“The astonishing thing is not that some people steal or that others occasionally go out on strike, but rather that all those who are starving do not steal as a regular practice, and all those who are exploited are not continually out on strike: after centuries of exploitation, why do people still tolerate being humiliated and enslaved, to such a point, indeed, that they actually want humiliation and slavery not only for others but for themselves?”
The Nazis were not simple nationalists. Their nationalist propaganda was directed toward their fellow-travelers and not their convinced members; the latter, on the contrary, were never allowed to lose sight of a consistently supranational approach to politics. Nazi “nationalism” had more than one aspect in common with the recent nationalistic propaganda in the Soviet Union, which is also used only to feed the prejudices of the masses. The Nazis had a genuine and never revoked contempt for the narrowness of nationalism, the provincialism of the nation-state, and they repeated time and again that their “movement,” international in scope like the Bolshevik movement, was more important to them than any state, which would necessarily be bound to a specific territory.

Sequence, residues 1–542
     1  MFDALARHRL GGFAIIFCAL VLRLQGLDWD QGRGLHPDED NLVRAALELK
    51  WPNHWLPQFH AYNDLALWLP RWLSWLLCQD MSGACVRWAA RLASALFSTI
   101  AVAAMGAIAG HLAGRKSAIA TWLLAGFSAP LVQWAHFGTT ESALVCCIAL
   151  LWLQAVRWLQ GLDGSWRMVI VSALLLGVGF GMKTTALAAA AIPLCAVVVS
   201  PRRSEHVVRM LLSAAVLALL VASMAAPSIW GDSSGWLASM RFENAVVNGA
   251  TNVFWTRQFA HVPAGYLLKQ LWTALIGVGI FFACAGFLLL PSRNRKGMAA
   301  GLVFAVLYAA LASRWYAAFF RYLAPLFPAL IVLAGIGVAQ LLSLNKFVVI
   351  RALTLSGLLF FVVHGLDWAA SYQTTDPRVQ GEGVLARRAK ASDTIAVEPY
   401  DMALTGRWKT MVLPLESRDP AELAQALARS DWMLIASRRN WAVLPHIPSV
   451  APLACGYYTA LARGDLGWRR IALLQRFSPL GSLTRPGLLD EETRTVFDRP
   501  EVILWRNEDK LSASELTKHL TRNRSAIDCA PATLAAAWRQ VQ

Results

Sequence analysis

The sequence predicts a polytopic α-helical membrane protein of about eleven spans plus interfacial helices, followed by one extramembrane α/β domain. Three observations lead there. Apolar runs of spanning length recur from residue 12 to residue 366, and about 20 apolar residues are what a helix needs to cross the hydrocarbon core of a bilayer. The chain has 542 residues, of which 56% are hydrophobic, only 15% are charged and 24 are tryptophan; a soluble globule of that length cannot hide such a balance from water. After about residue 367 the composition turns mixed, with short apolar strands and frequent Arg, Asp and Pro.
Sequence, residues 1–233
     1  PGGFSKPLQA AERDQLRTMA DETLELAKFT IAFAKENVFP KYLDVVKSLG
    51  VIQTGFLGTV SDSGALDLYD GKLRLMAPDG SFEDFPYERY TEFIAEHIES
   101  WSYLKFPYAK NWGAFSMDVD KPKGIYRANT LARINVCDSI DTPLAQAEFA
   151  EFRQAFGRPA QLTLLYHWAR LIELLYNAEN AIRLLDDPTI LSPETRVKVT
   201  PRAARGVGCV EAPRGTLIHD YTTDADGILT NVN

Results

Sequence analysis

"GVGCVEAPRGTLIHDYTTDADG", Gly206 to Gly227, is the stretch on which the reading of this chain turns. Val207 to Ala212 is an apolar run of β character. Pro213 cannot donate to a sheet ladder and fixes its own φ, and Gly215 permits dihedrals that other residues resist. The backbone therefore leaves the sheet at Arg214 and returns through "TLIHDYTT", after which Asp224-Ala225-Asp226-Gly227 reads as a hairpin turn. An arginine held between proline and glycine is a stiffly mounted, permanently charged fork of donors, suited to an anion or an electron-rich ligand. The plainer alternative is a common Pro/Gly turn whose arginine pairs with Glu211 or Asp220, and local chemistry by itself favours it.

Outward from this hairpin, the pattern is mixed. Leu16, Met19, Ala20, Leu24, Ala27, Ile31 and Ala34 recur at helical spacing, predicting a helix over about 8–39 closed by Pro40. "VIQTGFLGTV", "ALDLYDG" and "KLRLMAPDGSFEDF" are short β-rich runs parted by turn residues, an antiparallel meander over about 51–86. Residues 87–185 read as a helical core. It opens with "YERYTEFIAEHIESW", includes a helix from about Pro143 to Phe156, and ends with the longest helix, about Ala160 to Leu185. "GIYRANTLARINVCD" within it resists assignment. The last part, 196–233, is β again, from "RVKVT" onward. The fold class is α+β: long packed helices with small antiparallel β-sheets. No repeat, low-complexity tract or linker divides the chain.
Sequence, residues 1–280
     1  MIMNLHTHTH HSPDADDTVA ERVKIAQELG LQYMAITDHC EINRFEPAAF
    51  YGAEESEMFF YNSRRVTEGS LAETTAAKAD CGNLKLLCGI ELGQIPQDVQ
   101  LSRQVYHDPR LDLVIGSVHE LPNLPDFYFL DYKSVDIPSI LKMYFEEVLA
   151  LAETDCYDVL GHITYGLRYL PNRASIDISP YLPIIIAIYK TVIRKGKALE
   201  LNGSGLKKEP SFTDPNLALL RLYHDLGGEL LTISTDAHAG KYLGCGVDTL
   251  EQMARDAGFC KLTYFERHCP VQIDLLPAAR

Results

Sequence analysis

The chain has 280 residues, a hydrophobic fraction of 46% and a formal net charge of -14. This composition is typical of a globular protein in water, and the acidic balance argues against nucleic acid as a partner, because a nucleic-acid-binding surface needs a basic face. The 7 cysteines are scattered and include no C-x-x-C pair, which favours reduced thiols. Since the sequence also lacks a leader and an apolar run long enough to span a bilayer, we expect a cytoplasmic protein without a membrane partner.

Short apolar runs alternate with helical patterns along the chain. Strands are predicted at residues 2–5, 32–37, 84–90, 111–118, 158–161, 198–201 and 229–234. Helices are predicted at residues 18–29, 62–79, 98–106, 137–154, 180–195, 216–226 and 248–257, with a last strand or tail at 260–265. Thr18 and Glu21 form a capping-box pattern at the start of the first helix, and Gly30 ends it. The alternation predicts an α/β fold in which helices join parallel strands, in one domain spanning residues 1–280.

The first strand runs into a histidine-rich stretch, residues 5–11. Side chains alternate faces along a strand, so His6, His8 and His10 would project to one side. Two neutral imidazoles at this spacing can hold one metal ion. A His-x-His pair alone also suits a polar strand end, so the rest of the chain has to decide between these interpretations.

To be effective, some power must be held in reserve; power, like money or talent, mustn’t be used up. The victim also cannot be capable of forcing a particular reaction from the oppressor. An abused child might, for example, tell his father to go fuck himself and the father might just laugh it off or pat the kid on the shoulder. But later when the same child ties his shoes improperly, he might get a beating. If a prison inmate can spit in the face a guard and provoke a beating, then the guard loses his power. The point is, the beating must be unpredictable and arbitrary. The powerful force must be a self-determined system; it decides when and how to exert power.
The end of policing as we’ve come to know it seems like a radical idea, but radical ideas are warranted when reform doesn’t work. As autopoietic systems, police departments will respond to any efforts to curb their growth; they will resist regulation from outside, preferring to use Internal Affairs divisions to investigate themselves, which is a bit of a joke. All autopoeitic systems prefer self-governance; this is what makes them autopoietic.
I call a “strategy” the calculus of force-relationships which becomes possible when a subject of will and power (a proprietor, an enterprise, a city, a scientific institution) can be isolated from an “environment.” A strategy assumes a place that can be circumscribed as proper (propre) and thus serve as the basis for generating relations with an exterior distinct from it (competitors, adversaries, “clienteles,” “targets,” or “objects” of research). I call a “tactic,” on the other hand, a calculus which cannot count on a “proper” (a spatial or institutional localization), nor thus on a borderline distinguishing the other as a visible totality. The place of the tactic belongs to the “other.”
In The Birth of Biopolitics, Foucault describes a transition from a form of government oriented toward justice—however justice is defined by the sovereign—to one based